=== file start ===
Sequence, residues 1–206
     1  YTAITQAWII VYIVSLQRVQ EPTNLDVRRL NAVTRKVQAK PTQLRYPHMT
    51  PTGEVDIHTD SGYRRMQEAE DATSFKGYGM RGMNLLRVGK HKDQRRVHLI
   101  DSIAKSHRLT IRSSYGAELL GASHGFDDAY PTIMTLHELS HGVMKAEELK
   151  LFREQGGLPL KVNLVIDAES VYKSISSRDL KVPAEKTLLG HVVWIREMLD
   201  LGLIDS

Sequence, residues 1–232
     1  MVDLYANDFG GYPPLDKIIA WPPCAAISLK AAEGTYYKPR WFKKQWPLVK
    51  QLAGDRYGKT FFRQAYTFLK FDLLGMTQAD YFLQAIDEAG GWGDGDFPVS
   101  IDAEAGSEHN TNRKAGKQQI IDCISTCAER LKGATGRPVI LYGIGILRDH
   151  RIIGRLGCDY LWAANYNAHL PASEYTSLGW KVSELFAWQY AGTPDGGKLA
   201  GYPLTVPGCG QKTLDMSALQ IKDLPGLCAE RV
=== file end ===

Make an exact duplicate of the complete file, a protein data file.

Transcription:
Sequence, residues 1–206
     1  YTAITQAWII VYIVSLQRVQ EPTNLDVRRL NAVTRKVQAK PTQLRYPHMT
    51  PTGEVDIHTD SGYRRMQEAE DATSFKGYGM RGMNLLRVGK HKDQRRVHLI
   101  DSIAKSHRLT IRSSYGAELL GASHGFDDAY PTIMTLHELS HGVMKAEELK
   151  LFREQGGLPL KVNLVIDAES VYKSISSRDL KVPAEKTLLG HVVWIREMLD
   201  LGLIDS

Sequence, residues 1–232
     1  MVDLYANDFG GYPPLDKIIA WPPCAAISLK AAEGTYYKPR WFKKQWPLVK
    51  QLAGDRYGKT FFRQAYTFLK FDLLGMTQAD YFLQAIDEAG GWGDGDFPVS
   101  IDAEAGSEHN TNRKAGKQQI IDCISTCAER LKGATGRPVI LYGIGILRDH
   151  RIIGRLGCDY LWAANYNAHL PASEYTSLGW KVSELFAWQY AGTPDGGKLA
   201  GYPLTVPGCG QKTLDMSALQ IKDLPGLCAE RV